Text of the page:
If the Yankees pass the Red Sox, what are the chances the Sox pick-up a Wandy Rodriguez or Kuroda type starter that the Yankees may have had a chance to block?

  14. Bill says:

    Is there a place where you can see which team places what players on waivers, claims made, and players that pass through?

  15. Hardwired says:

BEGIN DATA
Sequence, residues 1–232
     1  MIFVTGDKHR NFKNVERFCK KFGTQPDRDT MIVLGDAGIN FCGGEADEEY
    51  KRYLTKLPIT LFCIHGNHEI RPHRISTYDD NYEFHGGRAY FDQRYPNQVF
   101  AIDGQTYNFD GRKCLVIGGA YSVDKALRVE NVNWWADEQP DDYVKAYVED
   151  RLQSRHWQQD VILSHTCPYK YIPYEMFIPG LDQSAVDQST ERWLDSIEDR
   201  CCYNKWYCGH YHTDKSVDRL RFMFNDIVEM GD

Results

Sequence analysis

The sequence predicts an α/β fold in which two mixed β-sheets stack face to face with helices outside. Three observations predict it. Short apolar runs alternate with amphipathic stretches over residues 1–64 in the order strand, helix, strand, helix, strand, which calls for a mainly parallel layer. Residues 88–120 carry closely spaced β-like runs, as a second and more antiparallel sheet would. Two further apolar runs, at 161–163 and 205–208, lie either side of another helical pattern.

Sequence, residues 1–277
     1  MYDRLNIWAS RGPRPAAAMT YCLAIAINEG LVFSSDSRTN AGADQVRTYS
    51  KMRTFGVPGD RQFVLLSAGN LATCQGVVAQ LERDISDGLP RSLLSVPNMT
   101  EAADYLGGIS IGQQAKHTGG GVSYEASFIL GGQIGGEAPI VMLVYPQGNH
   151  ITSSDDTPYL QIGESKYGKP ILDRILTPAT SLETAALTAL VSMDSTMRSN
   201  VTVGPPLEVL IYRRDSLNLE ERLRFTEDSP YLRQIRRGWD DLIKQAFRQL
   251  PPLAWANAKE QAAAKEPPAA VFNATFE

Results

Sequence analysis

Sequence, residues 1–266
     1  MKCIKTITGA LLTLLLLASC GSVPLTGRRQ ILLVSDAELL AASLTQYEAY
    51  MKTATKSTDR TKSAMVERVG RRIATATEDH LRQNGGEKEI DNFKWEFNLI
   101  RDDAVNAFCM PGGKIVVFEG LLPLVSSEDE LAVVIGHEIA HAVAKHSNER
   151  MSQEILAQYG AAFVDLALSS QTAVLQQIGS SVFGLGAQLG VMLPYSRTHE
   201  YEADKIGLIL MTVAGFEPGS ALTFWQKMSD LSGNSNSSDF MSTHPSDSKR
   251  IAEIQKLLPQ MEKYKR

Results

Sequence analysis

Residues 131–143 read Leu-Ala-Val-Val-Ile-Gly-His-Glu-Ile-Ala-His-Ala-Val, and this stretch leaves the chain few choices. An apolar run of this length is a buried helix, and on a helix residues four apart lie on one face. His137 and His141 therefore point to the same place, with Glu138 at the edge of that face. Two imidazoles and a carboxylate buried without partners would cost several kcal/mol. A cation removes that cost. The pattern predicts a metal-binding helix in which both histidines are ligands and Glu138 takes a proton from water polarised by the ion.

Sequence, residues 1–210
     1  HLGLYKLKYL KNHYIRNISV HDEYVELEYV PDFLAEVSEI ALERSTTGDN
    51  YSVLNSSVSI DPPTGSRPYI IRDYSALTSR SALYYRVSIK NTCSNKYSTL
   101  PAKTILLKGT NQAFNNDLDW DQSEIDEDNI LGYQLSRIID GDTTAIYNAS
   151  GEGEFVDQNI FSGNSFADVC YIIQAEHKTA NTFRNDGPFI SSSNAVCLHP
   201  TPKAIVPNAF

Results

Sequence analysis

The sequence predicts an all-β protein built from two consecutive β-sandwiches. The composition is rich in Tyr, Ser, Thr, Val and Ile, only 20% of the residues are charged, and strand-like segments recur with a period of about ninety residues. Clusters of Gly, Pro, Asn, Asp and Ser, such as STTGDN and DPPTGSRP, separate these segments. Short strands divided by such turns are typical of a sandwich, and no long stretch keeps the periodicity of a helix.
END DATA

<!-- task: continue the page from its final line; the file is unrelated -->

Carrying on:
Adam Dunn looks like Ty Cobb compared to Craig Counsell — he’s 0 for his last 45. Yikes!

  16. pat says:

    I was hoping this would be an instructional video hosted by AJ and Jorge to explain the ins and outs of Trade Waivers.

  17. yankee_lover says:

    is it me or does espn love the red sox

  18. JPHX says:

    Question: If the Yankees claim Wandy, does his option remain a player option or does the fact that it was a waiver claim change that?

  19. Cuso says:

    A fish called Wandy

  20. Bob Michaels says:

    Let some team Claim Soriano.